Pa4All is an open-source environment to do source-to-source transformations on C and Fortran programs for parallelizing, optimizing and instrumenting. The source-to-source approach allows you to capitalize on the source code and generate other sources that can be used by the better back-ends available: optimized compilers for a given processor, vendor compilers for embedded processors, CUDA or OpenCL for GPU, OpenMP, MPI.
Are you having trouble getting start in OpenCL development. Enj has started a tutorial series aimed at developers trying to learn OpenCL from the bottom up, with a focus on practicality.
cebas Visual Technology announced the upcoming release of their cebas’ suite of finalRender rendering solutions for 3ds Max, Maya and CINEMA 4D will fully support OpenCL. If you are going to SIGGRAPH 2010 in Los Angeles, be sure to stop in at the cebas booth #314 to view a demonstration.
Stanford's Folding@Home is working on an OpenCL enabled client. However, due to optimization and performance issues, the client is not ready quite yet. The Folding@Home developers need your help to optimize the new GPU OpenCL client. From the Folding@Home blog "We are also working to finish our OpenCL port for ATI GPUs to support GPU3 on ATI, but there are still performance issues for OpenCL on both NVIDIA and ATI which are holding back this release."
The OpenCL Development Kit for Linux on Power is an IBM implementation of the OpenCL 1.0 Specification. This implementation is for Power hardware running the Linux operating system and has been tested on the IBM BladeCenter QS22, JS22, JS23, and JS43 systems running Red Hat Enterprise Linux 5.4 or 5.5, and the IBM Power 755 server running Red Hat Enterprise Linux 5.5.
Learn and share ideas at the Perth GPU Users group. Founded to bring together GPU users from all fields and experience levels in Western Australia. Topics of discussion include general GPU computing, GPGPU, CUDA, OpenCL, OpenGL, DirectCompute, DirectX and related technologies. The next meetup is tentatively scheduled for June 23rd at the ground Floor Physics Building, University of Western Australia (Crawley Campus) 35 Stirling Highway, Crawley WA. 5:30pm - 7pm. You can find additional Khronos API related events and meet-ups on the Khronos Group events page.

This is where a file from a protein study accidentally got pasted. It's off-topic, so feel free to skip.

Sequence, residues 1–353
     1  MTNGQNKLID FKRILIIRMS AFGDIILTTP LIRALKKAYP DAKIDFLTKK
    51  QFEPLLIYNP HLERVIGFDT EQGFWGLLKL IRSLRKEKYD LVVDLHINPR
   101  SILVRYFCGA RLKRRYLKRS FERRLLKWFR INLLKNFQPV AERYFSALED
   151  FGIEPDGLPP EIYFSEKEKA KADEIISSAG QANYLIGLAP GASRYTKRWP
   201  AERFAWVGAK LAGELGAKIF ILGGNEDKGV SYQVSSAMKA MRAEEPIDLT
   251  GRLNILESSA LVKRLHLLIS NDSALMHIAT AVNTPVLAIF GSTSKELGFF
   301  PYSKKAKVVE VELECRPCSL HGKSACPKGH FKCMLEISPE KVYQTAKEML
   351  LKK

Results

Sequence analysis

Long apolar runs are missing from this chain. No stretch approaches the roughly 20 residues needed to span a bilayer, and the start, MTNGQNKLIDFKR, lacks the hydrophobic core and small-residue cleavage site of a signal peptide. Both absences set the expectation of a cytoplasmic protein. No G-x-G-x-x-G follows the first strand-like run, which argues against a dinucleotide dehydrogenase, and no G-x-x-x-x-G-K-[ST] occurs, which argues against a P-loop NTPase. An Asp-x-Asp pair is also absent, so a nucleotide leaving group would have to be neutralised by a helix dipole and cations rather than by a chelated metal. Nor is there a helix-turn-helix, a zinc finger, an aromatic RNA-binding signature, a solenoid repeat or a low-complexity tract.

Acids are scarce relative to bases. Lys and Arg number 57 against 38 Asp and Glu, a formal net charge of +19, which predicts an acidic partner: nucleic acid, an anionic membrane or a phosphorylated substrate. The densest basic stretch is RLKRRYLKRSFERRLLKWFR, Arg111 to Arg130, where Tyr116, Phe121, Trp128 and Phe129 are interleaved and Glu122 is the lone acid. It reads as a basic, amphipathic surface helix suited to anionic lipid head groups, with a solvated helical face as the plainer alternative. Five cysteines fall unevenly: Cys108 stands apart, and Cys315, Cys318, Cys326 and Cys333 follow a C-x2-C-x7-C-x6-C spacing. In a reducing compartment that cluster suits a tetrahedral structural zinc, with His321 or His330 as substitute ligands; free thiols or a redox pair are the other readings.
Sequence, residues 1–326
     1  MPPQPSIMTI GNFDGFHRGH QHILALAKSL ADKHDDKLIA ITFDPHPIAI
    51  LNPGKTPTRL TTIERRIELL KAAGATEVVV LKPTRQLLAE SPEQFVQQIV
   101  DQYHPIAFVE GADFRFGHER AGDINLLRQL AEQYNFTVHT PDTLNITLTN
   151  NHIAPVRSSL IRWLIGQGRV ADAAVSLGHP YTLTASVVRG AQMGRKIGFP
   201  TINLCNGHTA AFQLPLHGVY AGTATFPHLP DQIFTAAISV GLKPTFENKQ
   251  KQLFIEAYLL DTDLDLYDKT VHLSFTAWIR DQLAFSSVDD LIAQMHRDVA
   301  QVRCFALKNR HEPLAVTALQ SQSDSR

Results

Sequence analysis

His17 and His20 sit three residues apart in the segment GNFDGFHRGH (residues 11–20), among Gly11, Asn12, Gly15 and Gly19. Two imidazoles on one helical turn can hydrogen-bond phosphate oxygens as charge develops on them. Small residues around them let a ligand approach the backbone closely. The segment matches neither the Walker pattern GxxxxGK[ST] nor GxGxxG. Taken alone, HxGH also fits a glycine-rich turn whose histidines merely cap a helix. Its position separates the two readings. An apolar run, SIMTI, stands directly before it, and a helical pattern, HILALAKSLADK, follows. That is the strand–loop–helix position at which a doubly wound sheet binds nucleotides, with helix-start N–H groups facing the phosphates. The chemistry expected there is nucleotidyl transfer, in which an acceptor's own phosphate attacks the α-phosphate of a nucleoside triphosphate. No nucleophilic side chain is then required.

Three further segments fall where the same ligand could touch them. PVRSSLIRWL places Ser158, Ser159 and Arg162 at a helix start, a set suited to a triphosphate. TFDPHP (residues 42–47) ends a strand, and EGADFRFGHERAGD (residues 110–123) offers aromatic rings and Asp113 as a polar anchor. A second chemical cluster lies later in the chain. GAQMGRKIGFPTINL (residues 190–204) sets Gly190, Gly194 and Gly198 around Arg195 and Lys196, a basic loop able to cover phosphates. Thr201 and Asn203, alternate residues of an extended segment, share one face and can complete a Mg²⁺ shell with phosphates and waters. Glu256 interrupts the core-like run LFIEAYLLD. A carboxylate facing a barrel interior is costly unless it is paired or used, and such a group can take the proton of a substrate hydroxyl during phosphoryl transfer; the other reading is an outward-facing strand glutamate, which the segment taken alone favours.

Erik Rainey has released a series of utilities aimed at making OpenCL easier to use under the Apache 2.0 License. The environment includes: clCompiler which generates both binary outputs and precompiled headers which can be used in conjunction with clEnvironment; clQuery allows you to print all known information about a OpenCL data type. clPid, clYUV and clImgFilter are examples of how to use the utilities to create a compile time kernel make it a dependency in you makefiles and then use the clEnvironment to call your kernel. You can download the OpenCL Environment from github.
CMSoft brings a versatile and useful tool, Marching Cubes, adapted to GPU acceleration using OpenCL. Sample source code is available. Marching Cubes is an algorithm used in a very wide range of applications, including Medical visualizations such as CT and MRI scan images; Special 3D effects and 3D modelling of metaballs or metasurfaces: Analysis of oil reservoirs in the oil and gas industry and Reconstitution of surfaces whose data has been acquired through seismic methods.
The Khronos Group will be at SIGGRAPH 2010 this year in Los Angeles with their own booth. Visit Khronos at booth # 1201 and pickup a free laminated reference card for OpenCL and OpenGL as well as see some amazing demonstrations from Imagination Technologies, Rightware, HUONE, Vivante and DMP. As well, there will be a number of BOFs this year including the much anticipated OpenGL BOF, COLLADA, OpenCL, Mobile API and new this year, the WebGL BOF. Be sure not to miss out by registering for your spot today. Space is limited so please don't wait til the last minute. Complete details on all the events at SIGGRAPH that Khronos will be a part of are available online.
The Khronos™ Group today announced the ratification and public release of the OpenCL™ 1.1 specification, the latest version of the open, royalty-free standard for cross-platform, parallel programming of modern processors. OpenCL 1.1 adds significant functionality for enhanced parallel programming flexibility, functionality and performance including:
- New data types including 3-component vectors and additional image formats;
- Handling commands from multiple hosts and processing buffers across multiple devices;
- Operations on regions of a buffer including read, write and copy of 1D, 2D or 3D rectangular regions;
- Enhanced use of events to drive and control command execution;
- Additional OpenCL C built-in functions such as integer clamp, shuffle and asynchronous strided copies;
- Improved OpenGL interoperability through efficient sharing of images and buffers by linking OpenCL and OpenGL events.